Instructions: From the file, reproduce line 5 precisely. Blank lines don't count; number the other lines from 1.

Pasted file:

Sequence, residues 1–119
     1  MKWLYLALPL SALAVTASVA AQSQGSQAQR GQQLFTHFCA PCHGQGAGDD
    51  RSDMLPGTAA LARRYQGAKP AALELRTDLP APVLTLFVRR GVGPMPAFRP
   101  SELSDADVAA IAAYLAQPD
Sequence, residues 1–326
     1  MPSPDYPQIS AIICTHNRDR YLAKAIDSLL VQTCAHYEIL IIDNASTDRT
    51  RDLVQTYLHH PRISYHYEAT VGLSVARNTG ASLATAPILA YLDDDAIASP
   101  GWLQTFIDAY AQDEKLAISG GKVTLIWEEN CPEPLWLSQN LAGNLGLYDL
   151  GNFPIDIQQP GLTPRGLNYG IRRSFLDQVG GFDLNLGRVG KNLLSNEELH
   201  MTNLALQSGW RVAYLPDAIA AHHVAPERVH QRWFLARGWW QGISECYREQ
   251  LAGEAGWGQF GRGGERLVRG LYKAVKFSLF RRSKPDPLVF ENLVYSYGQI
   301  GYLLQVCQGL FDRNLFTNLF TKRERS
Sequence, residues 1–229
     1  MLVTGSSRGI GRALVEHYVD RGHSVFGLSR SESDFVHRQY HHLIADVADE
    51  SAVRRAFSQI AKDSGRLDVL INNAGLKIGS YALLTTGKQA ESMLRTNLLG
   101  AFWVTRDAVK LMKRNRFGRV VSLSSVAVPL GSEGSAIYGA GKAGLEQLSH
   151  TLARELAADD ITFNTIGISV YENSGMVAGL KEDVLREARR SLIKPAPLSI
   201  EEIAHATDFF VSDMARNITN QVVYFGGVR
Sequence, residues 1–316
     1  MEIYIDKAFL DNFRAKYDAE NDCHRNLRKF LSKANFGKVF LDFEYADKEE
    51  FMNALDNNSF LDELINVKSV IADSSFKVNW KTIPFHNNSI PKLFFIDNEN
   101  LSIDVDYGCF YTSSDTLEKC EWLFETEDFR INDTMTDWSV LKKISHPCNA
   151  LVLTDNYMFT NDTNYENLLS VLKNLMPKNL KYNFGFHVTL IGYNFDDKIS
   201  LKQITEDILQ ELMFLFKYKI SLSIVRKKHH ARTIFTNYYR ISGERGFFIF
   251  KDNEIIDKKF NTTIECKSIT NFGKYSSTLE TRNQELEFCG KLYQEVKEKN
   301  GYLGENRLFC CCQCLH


Sequence, residues 1–326